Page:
Challenging Approach to Genre
Dominik has also shown a versatility within his genre-centric projects that most filmmakers have not learned. Dominik sees genre as a tool, not a burden, which has opened his films up to leave their own creative marks. While this is true of the subversive nature of the heist element in Killing Them Softly and the juxtaposition of real life events in Blonde, it is most evident in his masterful 2007 western The Assasination of Jesse James By The Coward Robert Ford. The film subverts cliches within the western genre and has firmly established itself as a modern classic.
The Assassination of Jesse James By The Coward Robert Ford explores the life and death of the infamous outlaw (played excellently by Pitt) through the perspective of one of his greatest admirers (Casey Affleck in an Oscar-nominated role). It’s not hard to recognize that the film is analyzing fan culture, and the toxic way that admirers immortalize their heroes and turn against them in an instant. It’s surprisingly a relevant film to today’s internet fandoms, particularly in the film industry where backlash and toxicity is a constant issue for major franchises like Star Wars, the Marvel Cinematic Universe, and the DCEU. While a film like Joker attempted to tackle similar issues, The Assassination of Jesse James By The Coward Robert Ford does it in a far more interesting way.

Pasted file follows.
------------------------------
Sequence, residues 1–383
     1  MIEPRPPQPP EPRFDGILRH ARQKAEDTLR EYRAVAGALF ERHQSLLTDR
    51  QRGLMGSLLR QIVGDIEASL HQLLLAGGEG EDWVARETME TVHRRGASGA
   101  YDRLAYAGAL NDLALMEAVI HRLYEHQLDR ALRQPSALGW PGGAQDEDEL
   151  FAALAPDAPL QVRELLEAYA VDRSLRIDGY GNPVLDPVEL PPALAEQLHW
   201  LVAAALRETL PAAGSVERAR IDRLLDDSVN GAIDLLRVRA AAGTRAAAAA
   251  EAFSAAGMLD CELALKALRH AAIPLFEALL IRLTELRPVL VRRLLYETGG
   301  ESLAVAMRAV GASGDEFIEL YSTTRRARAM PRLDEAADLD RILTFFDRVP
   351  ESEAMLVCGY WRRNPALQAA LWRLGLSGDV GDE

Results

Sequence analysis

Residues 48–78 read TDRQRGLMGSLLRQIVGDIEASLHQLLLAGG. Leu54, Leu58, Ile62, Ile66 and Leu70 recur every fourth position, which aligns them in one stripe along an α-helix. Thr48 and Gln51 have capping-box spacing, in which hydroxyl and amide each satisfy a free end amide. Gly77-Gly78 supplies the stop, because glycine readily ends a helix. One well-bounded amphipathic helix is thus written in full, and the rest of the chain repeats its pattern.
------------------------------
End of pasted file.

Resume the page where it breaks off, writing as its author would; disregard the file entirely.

Dominik has also shown that he can adapt his signature style in order to fit the parameters set by another great filmmaker. Given their mutual interest in crime thrillers and disturbed characters, Dominik is often compared to David Fimcher. Dominik directed two episodes of Fincher’s brilliant true crime series Mindhunter, and successfully showed a different side of the infamous serial killer and cult leader Charles Manson that was distinct from the depiction by Quentin Tarantino the same year in Once Upon A Time In Hollywood.
Ambitious and Interesting Failures
Dominik’s comments about the role of women in his films are certainly worthy of backlash, but he shouldn’t be canceled simply because of some off-color remarks; considering that directors like Woody Allen and Roman Polanski continue to make new films despite the allegations made against them, Dominik’s insensitivity certainly seems less severe.
Blonde is also a far more interesting film than it has been given credit for. Rather than making a traditional biopic, Dominik used the film to analyze the cultural image of Monroe and how her legacy has evolved. It’s possible that the film’s defenders have chosen to remain silent in the aftermath of the overwhelmingly negative reactions it received from American critics.
This story originally appeared on Movieweb